Sem - thanks for a great comment. I love the Colin Wilson quote - do have the reference?

Thanks again

Love and peace

Tony


tonymac04 profile image

tonymac04 5 years ago from South Africa Author

Micky my Brotherman! Thanks so much for that very interesting comment. I agree with Austinstar - you have a good point there!

Thanks for dropping by.

Love and peace

Tony


tonymac04 profile image

tonymac04 5 years ago from South Africa Author

Bailey - yes, they both look "normal" and that is partly the point. A psychopath not only looks normal but is in almost every respect "normal". The guy on the left is Dylan Klebold and the one on the right is Eric Harris. The non-psychopathic one is depressive. Which one looks depressed?

There is definitely a link between extreme narcissism and psychopathy, as in one of the indicators called by Hare "Grandiose sense of self-worth". Psychopaths want their actions to be the "best", "greatest" etc.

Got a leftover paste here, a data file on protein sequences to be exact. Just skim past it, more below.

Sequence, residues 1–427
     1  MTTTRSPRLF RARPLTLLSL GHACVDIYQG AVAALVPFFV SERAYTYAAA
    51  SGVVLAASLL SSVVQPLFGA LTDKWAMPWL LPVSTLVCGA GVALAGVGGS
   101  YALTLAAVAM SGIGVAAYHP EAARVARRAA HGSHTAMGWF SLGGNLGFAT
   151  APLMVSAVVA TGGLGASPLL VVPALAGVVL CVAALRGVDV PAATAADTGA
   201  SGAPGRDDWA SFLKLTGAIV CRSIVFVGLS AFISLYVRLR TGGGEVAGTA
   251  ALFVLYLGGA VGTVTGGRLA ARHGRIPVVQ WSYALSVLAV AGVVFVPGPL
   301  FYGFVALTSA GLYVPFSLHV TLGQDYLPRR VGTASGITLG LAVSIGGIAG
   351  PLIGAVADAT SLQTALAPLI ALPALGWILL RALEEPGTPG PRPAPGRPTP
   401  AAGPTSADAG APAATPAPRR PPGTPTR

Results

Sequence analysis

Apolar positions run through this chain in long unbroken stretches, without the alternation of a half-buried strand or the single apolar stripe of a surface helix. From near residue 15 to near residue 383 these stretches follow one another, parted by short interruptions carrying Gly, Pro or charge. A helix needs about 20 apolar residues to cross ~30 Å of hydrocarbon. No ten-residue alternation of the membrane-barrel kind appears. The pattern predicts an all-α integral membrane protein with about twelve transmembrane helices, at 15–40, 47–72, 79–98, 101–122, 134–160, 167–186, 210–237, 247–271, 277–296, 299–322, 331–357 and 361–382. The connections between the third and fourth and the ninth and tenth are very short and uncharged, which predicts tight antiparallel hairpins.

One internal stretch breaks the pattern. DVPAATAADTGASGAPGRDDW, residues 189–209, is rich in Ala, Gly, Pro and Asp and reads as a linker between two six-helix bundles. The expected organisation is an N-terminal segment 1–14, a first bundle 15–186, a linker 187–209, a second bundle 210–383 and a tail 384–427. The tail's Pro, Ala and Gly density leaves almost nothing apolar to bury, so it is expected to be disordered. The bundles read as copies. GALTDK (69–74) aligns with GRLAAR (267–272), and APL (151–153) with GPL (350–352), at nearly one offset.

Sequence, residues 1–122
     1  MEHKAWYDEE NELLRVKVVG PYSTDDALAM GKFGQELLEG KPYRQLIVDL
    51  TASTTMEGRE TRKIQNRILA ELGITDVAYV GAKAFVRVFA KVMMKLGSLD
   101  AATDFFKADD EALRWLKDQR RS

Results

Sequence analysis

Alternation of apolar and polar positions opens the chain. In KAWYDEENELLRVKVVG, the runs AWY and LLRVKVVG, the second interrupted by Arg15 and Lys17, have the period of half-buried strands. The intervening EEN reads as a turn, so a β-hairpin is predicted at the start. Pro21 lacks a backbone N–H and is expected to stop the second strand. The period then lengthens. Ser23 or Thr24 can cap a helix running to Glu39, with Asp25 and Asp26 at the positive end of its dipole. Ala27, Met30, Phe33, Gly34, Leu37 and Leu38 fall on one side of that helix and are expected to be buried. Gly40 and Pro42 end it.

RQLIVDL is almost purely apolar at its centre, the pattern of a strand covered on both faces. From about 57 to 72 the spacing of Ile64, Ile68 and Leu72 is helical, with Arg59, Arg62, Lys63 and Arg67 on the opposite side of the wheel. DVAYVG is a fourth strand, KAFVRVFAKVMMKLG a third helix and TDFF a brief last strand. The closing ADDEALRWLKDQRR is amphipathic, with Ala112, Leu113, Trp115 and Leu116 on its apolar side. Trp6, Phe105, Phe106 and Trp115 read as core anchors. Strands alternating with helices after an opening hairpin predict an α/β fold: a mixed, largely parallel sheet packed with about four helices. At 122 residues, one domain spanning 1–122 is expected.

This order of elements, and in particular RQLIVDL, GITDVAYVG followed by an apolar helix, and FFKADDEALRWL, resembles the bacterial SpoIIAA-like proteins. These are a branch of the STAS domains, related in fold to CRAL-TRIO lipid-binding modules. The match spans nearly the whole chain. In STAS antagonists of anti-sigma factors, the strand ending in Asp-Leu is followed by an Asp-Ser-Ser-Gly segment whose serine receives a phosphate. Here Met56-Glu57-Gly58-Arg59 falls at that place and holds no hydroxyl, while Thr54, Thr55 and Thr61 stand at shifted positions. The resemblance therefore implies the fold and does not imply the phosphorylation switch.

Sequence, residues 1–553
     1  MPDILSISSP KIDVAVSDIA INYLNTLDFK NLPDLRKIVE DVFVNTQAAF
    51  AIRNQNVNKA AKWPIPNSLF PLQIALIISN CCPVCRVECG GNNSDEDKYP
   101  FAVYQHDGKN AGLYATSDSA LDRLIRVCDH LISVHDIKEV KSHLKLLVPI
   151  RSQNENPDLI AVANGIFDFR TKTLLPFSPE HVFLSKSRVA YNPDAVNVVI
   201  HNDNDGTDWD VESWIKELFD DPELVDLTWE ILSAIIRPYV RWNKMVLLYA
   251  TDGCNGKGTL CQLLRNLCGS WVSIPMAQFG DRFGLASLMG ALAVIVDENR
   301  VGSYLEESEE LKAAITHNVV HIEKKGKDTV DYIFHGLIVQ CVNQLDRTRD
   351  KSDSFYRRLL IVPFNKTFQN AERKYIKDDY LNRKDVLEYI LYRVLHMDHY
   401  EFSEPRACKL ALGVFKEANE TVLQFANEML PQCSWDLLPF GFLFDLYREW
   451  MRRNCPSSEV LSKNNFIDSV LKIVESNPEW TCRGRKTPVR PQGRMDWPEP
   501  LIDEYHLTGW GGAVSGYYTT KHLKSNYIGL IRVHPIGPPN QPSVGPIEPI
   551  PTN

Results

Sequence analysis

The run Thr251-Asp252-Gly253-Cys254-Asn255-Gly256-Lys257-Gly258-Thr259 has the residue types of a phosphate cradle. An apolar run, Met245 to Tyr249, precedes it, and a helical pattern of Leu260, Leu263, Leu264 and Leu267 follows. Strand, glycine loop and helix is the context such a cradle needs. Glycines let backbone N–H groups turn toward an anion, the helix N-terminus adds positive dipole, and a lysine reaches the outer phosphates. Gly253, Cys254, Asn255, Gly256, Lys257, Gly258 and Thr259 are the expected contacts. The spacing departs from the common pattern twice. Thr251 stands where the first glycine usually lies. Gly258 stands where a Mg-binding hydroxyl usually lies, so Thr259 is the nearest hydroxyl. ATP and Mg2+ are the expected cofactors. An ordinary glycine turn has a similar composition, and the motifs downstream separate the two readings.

Thanks for stopping by.

Love and peace

Tony


always exploring profile image

always exploring 5 years ago from Southern Illinois

Wow this was very interesting and scary. Sometimes i wonder if i might know some of these people, Strange behavior to say the least. Thank you Tony. Great hub.


tonymac04 profile image

tonymac04 5 years ago from South Africa Author

Amillar - I doubt that psychpaths would mellow as it seems their condition is physiological. It is a disconnect between parts of the brain whjich causes their lack of empathy. Their brains are just wired differently from the brains of the majority of us. Sociopathy, it seems on the other hand, is developed through other factors and therefore potentially could be "cured" and there could be some hope that they would "mellow" as you say.